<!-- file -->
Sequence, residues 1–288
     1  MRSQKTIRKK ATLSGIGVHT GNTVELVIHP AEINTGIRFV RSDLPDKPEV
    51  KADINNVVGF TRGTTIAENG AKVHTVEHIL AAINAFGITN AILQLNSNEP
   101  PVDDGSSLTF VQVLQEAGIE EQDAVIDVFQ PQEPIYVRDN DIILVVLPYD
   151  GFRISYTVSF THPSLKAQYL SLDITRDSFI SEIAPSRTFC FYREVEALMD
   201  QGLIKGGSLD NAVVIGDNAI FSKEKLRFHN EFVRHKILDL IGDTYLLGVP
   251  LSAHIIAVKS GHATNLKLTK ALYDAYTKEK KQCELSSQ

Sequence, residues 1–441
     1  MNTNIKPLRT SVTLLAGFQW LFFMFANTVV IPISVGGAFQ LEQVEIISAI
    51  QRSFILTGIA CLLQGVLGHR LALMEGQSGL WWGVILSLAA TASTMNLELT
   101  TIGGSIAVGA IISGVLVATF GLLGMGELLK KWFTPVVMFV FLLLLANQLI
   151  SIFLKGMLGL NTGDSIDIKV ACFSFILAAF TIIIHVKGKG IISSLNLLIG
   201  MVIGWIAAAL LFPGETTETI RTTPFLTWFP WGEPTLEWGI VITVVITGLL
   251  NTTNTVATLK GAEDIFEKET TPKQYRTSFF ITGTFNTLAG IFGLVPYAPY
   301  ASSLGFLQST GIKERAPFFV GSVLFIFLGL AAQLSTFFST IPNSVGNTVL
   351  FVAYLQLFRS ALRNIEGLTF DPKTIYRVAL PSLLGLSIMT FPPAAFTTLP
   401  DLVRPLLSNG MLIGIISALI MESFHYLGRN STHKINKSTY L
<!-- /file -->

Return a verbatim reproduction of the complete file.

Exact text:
Sequence, residues 1–288
     1  MRSQKTIRKK ATLSGIGVHT GNTVELVIHP AEINTGIRFV RSDLPDKPEV
    51  KADINNVVGF TRGTTIAENG AKVHTVEHIL AAINAFGITN AILQLNSNEP
   101  PVDDGSSLTF VQVLQEAGIE EQDAVIDVFQ PQEPIYVRDN DIILVVLPYD
   151  GFRISYTVSF THPSLKAQYL SLDITRDSFI SEIAPSRTFC FYREVEALMD
   201  QGLIKGGSLD NAVVIGDNAI FSKEKLRFHN EFVRHKILDL IGDTYLLGVP
   251  LSAHIIAVKS GHATNLKLTK ALYDAYTKEK KQCELSSQ

Sequence, residues 1–441
     1  MNTNIKPLRT SVTLLAGFQW LFFMFANTVV IPISVGGAFQ LEQVEIISAI
    51  QRSFILTGIA CLLQGVLGHR LALMEGQSGL WWGVILSLAA TASTMNLELT
   101  TIGGSIAVGA IISGVLVATF GLLGMGELLK KWFTPVVMFV FLLLLANQLI
   151  SIFLKGMLGL NTGDSIDIKV ACFSFILAAF TIIIHVKGKG IISSLNLLIG
   201  MVIGWIAAAL LFPGETTETI RTTPFLTWFP WGEPTLEWGI VITVVITGLL
   251  NTTNTVATLK GAEDIFEKET TPKQYRTSFF ITGTFNTLAG IFGLVPYAPY
   301  ASSLGFLQST GIKERAPFFV GSVLFIFLGL AAQLSTFFST IPNSVGNTVL
   351  FVAYLQLFRS ALRNIEGLTF DPKTIYRVAL PSLLGLSIMT FPPAAFTTLP
   401  DLVRPLLSNG MLIGIISALI MESFHYLGRN STHKINKSTY L